The Orchestra of the Opéra national de Lorraine is created in 1884. Associated with the Salle Poirel specially built in 1889 for the symphonic seasons, it fulfils its both symphonic and lyrical mission linked with the Opera of Nancy from 1979. In 2006, the Ministry of Culture and Communication assigns to the latter the status of national opera, what takes part in the rise of the Orchestra's influence.
The 66 musicians of the Orchestra give about sixty concerts per season, mainly at the Salle Poirel where it is in residence since 2017, but also at the Opéra national de Lorraine for the lyrical works. The Orchestra is regularly invited by prestigious theatres or festivals, not only in the Région Grand Est but also around France.
The Polish conductor Marta Gardolińska was appointed musical director of the Orchestra in January 2021, succeeding the Israeli conductor Rani Calderon. Her appointment marks a new step in the Orchestra's life and fits completely with the development of the project "Nancy - Opéra citoyen" carried out by its director Matthieu Dussouillez, with the setting up of an ambitious artistic and cultural agenda striving for excellence to the advantage of all.
It is an essential cultural tool for the city of Nancy, it allows the largest audience to discover music through eclectic programs and high-level conductors and soloists.
The musicians are arranged in a semi-circle around the conductor and are divided into four groups called families: the strings, the woodwinds, the brass section and the percussions.
Often, two other instruments are added to these different families: the harp and the piano.
These are the musicians who are positioned closest to the conductor. They are also the most numerous. Their family name comes from the fact that all the instruments have strings which need to be stroked with a bow to produce a sound. There are four instruments in this family: the violin, the viola, the cello and the double bass.
These musicians are usually placed in a line behind the strings. Their name comes from the fact that these instruments are made of wood (as was the flute, originally). To produce a sound, one must blow into it. There are four main woodwind instruments in the orchestra: the flute, the clarinet, the oboe and the bassoon. To these four instruments, we can add a few cousins such as the piccolo which is a small flute, the cor anglaise (English horn), which resembles an oboe but produces a deeper sound, the bass clarinet, which as its name suggests will have a deeper sound than the clarinet or the contrabassoon which also has a lower pitch than the bassoon.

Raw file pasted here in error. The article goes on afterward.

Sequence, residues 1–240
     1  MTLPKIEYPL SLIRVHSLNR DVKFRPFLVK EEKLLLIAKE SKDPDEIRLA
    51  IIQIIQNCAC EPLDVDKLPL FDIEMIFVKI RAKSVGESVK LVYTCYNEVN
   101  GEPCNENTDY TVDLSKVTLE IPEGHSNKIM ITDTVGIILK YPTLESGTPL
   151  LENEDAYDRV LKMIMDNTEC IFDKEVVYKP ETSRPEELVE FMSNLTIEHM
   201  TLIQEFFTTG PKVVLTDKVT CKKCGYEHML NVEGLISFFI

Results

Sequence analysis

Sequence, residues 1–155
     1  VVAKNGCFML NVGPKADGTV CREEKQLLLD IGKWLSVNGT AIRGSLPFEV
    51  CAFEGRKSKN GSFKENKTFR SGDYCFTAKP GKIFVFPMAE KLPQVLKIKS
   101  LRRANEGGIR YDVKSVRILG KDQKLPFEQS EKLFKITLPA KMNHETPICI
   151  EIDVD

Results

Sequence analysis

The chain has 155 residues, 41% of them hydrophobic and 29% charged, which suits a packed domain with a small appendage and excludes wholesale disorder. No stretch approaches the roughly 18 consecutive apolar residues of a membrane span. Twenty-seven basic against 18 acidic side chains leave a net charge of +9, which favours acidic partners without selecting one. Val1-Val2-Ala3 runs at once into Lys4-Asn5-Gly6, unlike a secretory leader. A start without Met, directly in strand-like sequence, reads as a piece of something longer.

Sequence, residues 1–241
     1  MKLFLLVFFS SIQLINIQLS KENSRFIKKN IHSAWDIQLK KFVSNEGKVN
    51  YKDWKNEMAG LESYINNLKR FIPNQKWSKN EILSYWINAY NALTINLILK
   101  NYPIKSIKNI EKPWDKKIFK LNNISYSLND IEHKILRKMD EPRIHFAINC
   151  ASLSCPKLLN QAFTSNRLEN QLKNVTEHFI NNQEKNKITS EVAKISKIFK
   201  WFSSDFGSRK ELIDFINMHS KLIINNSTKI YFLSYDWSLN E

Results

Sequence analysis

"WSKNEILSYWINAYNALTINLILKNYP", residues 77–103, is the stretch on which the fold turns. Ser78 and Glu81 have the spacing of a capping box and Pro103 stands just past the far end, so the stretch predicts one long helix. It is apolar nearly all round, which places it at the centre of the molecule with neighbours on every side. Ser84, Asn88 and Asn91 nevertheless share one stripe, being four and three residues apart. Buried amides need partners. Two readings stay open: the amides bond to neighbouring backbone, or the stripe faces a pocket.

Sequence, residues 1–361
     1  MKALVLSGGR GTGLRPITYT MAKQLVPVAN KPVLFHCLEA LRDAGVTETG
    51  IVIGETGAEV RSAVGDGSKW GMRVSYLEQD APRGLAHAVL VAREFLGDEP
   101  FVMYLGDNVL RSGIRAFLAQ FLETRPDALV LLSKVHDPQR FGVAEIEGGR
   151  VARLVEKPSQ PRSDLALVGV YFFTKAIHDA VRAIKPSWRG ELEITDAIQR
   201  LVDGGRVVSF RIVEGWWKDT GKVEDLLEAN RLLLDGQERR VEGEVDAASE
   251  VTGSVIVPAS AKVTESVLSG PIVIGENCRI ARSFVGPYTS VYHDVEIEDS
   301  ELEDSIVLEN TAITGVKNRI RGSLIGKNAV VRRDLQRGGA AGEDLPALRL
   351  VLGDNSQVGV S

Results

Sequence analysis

The brass section
Here again, one must blow to make a sound but this time into a brass instrument. Another common feature with these instruments is that one does not blow into a mouthpiece but rather, into a cupped metal rim which ends in a funnel-shaped bell. Again, there are four instruments in this family: the trumpet, the horn, the slide trombone and the tuba.
These instruments are positioned behind the other musicians. To make a sound, one must strike (percuss) with a variety of batons and sometimes even with the hands. A percussionist must be versatile in order to play both a snare drum and the xylophone or cymbals in the same piece of music. Conversely, the timpanists (the musicians who play the kettledrums) only play the part reserved for them in the score.